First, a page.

The Samsung SM-G960F, aka. “S9” (a friend of mine had the same model) was released with Android 8/Oreo, then later upgradeable to Android 9, and finally Android 10. Samsung likes to customize Android so the menus tend to look different – sometimes even missing menu options – compared to other brands and even between its own smartphone models.
So, try this:
Revoking file/media access for Syncthing.
Create a new folder on the SD card.
Add a new sync folder in Syncthing, selecting the newly created folder from step 2 so that Android will prompt you for permission.
You might also notice the .stfolder on the root Syncthing was able to create. This is the part that is so confusing to me. It clearly has the ability to write.
Just so I understand this correctly, can this folder be in be on the root structure, like “/storage/[ID]/A new folder in root” Syncthing just created? Or does it have to be buried in /storage/[ID]/Android/data/com.nutomic.syncthingandroid/ ?
Because the former is read only, the latter indeed works.
Unfortunately, it’s an artifact of phones that span major changes to Android.
What I’m about to explain assumes the following important caveats:
The manufacturer hasn’t licensed Google’s Android and made changes to it while still passing Google Play certification.
The manufacturer hasn’t copied AOSP (Android Open Source Project), made significant changes to it and chosen not to get Google Play certifified.
Samsung likes to layer on its own custom UI on top of a customized version of Android. In the earlier years the changes were significant, but over time Google and other forces convinced Samsung to tone it down.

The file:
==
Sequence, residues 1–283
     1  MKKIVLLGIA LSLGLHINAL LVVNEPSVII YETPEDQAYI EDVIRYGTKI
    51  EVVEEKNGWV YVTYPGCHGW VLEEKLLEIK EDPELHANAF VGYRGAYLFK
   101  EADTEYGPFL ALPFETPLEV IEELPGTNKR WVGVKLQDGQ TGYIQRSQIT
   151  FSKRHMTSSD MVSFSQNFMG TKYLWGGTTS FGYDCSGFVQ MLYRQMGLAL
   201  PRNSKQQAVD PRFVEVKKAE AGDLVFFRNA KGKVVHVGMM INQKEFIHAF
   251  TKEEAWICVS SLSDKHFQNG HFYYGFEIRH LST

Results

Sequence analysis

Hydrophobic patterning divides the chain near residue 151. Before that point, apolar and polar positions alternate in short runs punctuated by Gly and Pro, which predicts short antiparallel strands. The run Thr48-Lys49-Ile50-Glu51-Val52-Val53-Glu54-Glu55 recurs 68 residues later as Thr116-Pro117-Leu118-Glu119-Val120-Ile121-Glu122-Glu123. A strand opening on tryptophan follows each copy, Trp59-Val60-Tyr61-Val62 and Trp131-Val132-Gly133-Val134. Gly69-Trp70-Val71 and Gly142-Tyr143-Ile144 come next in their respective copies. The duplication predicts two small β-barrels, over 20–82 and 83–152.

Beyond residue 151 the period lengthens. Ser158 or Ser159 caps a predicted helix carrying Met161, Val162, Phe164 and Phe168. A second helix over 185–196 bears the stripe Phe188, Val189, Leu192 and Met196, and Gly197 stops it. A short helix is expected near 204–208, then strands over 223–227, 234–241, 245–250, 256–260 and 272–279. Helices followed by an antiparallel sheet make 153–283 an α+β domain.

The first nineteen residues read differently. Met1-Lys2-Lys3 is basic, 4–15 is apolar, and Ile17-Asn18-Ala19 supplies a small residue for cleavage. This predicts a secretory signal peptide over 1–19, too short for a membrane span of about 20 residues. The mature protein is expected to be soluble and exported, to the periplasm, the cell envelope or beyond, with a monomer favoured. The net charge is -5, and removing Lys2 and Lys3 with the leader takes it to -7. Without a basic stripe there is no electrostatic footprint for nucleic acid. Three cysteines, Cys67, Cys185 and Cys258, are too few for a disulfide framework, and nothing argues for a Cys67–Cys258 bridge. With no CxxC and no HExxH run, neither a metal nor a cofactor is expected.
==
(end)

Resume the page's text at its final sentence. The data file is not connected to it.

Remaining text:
The Samsung Galaxy S9 started out with Android 8, upgraded to Android 9, and then finally Android 10 (unofficially, it’s also upgradeable to Android 11). The upgrade path is very important, and part of the reason for the problem you’re experiencing.
Officially, Android 9 and earlier did not support apps writing directly to SD cards. Android could use a SD card to extend the main storage, and apps such as media players, file managers, file transfer and so on could read from a SD card, but not arbitrarily write to one.
Now, some manufacturers who customized Android bolted on some workarounds to make writing possible – besides having had several Android phones, I also have tablets and Android sticks that turn a monitor/TV into an Android computer.
Circling back, the reason why you’re seeing conflicting results on your S9 is because although your phone reports that it’s running Android 10, it’s not the same as if it was factory installed.
As your S9 was upgraded from Android 9 (apps unable to directly write to a SD card) to Android 10 (writing allowed), your phone ended up with a hybrid Android. It’s like doing an in-place upgrade of Windows from 8 to 10, macOS from 12 to 13, or even Linux. The result isn’t perfect.
FUSE is a kernel module that runs in kernel space and a driver that runs in user space. The kernel module needs to plug into the running kernel so it needs to be built against it.
Because of the need for Android to support the hardware, the Android kernel can be locked to a specific version. Everything around it such as program libraries, new directory paths, etc. gets upgraded but it’s still running an older kernel (maybe not the same one, but also not the one that is in the stock Android). Google doesn’t require that upgraded phones meet all of the new requirements – including the ability to use FUSE for storage emulation.
It all means you won’t necessarily see the same results and/or or options as I and others do on their phones that report to be “Android 10” or “Android 11”.
For context, my phone is made by Motorola, but it’s a “Android One” edition. Motorola released some of its phones with both Android One and their custom Android. I prefer the Android One versions because it’s close to stock Android (looks very close to a Google Pixel). The manufacturer is only allowed to bundle in a limited selection of apps and tweaks for special hardware so the phones behave as described by the Android documentation.